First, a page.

1 out of 1 people found this review helpful.

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  • Anonymous

    Posted February 15, 2003

    Good story badly written

    The first half of the book is difficult, it is very repetitious, not particularly interesting, and not to the point the introduction makes you think. Once through that section though, the story of Smith unfolds, the writting improves and the story becomes interesting.. As someone else said, it is a short story expanded badly.

    1 out of 1 people found this review helpful.

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  • Anonymous

    Posted January 18, 2002

    A great story, badly told.

    I'm afraid I found this a great story ruined by the horribly psuedo-academic style of the writing. There was extensive and unnecessary use of obscure words not found in my copy of the Concise Oxford Dictionary. Mr. Winchester also droned on in sentences often exceeding fifty words. If you can possibly forgive the writing and get beyond it, you will find a good story buried within.

    1 out of 1 people found this review helpful.

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  • Anonymous

    Posted December 9, 2001

    Wonderful story, but padded to book length

    The book is extremely well written, Smith's life is fascinating, and the illustrations (especially the ammonites) are superb. My one criticism is that there is a fair bit of padding by the author to make this a reasonable length manuscript. There apparently is simply not a lot of hard evidence for large periods of Smith's life or for important things such as his relationship with his wife (or the author couldn't find this). To get around this, the author includes much detail on his modern day tracing of Smith's trail, his search for Smith's actual residences (which seems to be of only little importance) and several quite irrelevant stories of the authors own fossil hunting expeditions, unsuccessful university history etc etc. He also adds a quite unnecessary glossary of terms, index, and a very long acknowledgements section. These could all have been left out, but of course the book would then be very short indeed, hardly longer than a long magazine article. On the other hand, the method of packaging a small version of Smith's map as the book cover paper is quite ingenious and well done.

    1 out of 1 people found this review helpful.

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  • Posted January 16, 2015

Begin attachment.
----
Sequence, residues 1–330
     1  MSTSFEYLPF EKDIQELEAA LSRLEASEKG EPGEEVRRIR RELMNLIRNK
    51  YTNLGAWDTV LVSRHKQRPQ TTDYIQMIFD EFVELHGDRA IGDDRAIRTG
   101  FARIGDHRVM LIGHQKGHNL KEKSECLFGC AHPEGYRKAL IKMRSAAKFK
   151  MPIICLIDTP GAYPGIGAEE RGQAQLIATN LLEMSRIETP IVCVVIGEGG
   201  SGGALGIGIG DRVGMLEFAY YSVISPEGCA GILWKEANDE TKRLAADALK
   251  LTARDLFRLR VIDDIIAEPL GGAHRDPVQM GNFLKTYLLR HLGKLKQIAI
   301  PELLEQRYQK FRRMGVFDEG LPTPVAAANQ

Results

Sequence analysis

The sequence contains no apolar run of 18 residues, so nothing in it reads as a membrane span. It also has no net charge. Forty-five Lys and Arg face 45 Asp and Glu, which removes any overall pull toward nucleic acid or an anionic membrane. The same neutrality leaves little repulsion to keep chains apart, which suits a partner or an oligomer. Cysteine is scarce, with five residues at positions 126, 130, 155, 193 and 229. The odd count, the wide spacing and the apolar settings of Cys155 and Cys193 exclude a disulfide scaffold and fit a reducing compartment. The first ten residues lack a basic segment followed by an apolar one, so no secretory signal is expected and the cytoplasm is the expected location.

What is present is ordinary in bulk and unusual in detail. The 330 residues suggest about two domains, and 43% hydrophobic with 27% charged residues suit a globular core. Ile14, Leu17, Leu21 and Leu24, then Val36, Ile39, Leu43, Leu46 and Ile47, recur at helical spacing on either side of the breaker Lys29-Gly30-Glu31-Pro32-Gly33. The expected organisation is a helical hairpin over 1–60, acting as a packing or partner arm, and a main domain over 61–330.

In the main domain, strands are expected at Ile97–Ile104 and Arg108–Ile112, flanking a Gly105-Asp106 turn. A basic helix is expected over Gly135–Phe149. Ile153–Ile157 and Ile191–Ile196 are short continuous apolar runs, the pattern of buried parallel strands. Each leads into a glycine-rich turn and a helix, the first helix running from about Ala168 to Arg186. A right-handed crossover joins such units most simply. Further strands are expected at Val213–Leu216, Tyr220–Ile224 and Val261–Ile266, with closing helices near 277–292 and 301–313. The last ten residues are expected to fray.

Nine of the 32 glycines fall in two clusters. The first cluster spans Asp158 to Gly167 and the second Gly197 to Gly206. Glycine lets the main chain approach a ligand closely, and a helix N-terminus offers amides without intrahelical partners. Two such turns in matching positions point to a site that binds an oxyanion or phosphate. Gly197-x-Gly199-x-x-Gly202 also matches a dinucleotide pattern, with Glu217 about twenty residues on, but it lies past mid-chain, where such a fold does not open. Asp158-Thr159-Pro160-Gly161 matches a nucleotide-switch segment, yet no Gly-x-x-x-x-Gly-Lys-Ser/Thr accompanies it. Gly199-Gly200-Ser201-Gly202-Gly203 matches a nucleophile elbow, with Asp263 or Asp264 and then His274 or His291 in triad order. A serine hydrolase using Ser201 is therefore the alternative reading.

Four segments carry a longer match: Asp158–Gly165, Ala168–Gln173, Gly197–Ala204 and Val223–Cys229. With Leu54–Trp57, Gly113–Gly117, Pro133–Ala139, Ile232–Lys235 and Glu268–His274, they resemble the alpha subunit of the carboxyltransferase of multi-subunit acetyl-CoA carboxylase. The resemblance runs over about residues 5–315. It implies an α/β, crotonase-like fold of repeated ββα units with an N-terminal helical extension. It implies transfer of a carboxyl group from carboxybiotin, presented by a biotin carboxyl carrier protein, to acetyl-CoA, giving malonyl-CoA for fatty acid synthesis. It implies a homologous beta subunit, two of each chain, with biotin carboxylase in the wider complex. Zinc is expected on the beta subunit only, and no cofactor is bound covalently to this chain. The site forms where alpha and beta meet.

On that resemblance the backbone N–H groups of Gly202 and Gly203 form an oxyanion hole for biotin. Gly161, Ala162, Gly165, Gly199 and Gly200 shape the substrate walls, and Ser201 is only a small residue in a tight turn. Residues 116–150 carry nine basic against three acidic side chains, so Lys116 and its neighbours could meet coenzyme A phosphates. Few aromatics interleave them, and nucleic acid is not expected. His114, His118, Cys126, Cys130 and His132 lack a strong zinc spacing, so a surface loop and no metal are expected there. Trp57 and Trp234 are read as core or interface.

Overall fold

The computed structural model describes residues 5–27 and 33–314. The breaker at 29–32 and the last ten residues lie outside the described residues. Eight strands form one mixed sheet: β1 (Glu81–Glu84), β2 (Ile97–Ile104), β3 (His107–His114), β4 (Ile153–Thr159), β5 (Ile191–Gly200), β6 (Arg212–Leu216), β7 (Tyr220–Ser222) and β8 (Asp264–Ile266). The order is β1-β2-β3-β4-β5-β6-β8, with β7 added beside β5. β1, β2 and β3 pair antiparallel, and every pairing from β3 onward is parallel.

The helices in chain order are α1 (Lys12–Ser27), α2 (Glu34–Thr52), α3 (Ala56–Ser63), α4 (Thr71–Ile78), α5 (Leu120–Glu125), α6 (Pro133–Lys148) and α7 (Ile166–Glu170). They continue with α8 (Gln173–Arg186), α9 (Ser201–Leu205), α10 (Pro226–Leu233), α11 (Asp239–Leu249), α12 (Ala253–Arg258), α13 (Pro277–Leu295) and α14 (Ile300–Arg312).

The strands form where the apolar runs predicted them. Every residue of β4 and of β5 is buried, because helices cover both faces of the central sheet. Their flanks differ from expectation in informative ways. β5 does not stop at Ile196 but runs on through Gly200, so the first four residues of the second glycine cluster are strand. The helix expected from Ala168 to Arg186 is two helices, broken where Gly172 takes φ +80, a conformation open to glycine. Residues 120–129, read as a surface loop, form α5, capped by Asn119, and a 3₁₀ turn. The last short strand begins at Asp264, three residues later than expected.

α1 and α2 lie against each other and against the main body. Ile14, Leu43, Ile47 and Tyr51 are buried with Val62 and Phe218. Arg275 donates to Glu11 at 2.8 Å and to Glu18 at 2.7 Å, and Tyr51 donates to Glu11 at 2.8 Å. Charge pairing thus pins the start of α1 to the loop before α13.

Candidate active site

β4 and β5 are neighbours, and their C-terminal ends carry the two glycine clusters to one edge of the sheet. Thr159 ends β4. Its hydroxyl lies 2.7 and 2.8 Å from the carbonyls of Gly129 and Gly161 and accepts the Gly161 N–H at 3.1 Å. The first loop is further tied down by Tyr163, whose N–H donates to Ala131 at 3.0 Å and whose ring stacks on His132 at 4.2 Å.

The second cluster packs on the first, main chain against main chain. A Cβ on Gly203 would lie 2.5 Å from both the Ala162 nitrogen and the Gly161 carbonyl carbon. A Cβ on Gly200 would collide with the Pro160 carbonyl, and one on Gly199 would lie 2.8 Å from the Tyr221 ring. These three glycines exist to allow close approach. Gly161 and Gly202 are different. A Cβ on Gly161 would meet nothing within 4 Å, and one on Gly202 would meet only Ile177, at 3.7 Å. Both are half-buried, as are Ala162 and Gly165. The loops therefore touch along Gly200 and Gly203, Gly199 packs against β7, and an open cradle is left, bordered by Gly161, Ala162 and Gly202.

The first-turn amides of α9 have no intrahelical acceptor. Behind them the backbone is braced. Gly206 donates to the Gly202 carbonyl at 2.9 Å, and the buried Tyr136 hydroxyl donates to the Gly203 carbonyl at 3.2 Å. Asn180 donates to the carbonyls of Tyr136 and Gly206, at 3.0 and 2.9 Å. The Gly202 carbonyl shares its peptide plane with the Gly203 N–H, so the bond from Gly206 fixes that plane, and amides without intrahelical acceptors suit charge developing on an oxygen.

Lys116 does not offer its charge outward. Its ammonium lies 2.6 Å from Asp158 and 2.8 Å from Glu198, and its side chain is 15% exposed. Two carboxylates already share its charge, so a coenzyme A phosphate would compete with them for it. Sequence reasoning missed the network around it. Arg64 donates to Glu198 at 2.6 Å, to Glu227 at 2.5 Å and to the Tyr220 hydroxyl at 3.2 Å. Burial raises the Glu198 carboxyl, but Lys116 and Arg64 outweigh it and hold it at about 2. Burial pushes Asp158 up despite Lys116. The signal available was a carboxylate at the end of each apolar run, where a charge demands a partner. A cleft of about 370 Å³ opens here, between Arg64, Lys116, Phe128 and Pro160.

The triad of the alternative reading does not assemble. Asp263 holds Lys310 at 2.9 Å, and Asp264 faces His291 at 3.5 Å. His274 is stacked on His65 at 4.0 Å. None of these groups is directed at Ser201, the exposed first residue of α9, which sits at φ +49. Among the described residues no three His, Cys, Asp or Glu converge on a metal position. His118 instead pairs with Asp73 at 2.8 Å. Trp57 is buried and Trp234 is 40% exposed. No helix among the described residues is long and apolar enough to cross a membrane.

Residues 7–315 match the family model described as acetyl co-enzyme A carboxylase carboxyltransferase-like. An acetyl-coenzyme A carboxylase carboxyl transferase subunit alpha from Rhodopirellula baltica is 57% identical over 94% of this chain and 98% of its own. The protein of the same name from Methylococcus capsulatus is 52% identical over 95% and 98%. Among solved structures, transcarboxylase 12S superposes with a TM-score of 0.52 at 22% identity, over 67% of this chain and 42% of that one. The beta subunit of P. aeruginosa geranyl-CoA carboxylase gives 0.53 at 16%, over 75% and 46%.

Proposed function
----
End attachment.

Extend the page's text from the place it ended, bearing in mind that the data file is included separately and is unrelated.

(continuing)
Great Book

    I thought this was a great book. William Smith's insight was truly original. He was able to correctly date the layers of earth by the fossils it contained. This led to the modern science of geography, and indicated the most likely places to find coal, minerals and later gas and oil. It also led many to question the Church sanctioned belief that the Earth was only 6,000 years old. The beginnings of the Age of Enlightenment.

    I thought I knew a lot about history and geography, especially maps, but I had never heard of William Smith. I learned a lot. It makes me want to go to England to see his original map, the first modern map that showed what was beneath the soil.

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  • Posted March 16, 2009

    Riveting for intelligent historic alternative reading

    This has an HG Wells feel to its documentary narrative, and gives an enormous insight not only to geography, but how this shaped thinking at the time. Definitely not for creationists who think the world spun into existence 6000 years ago.

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  • Anonymous

    Posted April 10, 2008

    Unconvincing

    Book jacket blurbs 'about how original, astounding, and earth-shattering Smith's work was' keep intruding into the early pages of this book. The book tells how Smith collected and organized a prodigious amount of information that showed how field geology ought to be done - and uncovered what lay beneath the soil of England. But he was not a great theoretician and not very interested in the implications for how the earth was formed or how old it was. The books Smith bought in London, described in this book, demonstrate that Smith did not break new ground so much as he assembled information that confirmed or refuted earlier thinking. Smith's struggles to have his contributions recognized make a good story but the author fails to make a convincing case that Smith is as important to the progress of science as the author says he is.

    0 out of 1 people found this review helpful.

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  • Anonymous

    Posted March 24, 2005

    Please excuse....

    I thought that this book did a good job telling the biography of a man who made a profound impact on the geological world, but by no means did he INVENT geology. And yes, Edmond Halley was a very important man in terms of scientific discovery, but he was an astronomer, not a geologist. Charles Lyell is referred to as the 'father of modern geology,' not Halley.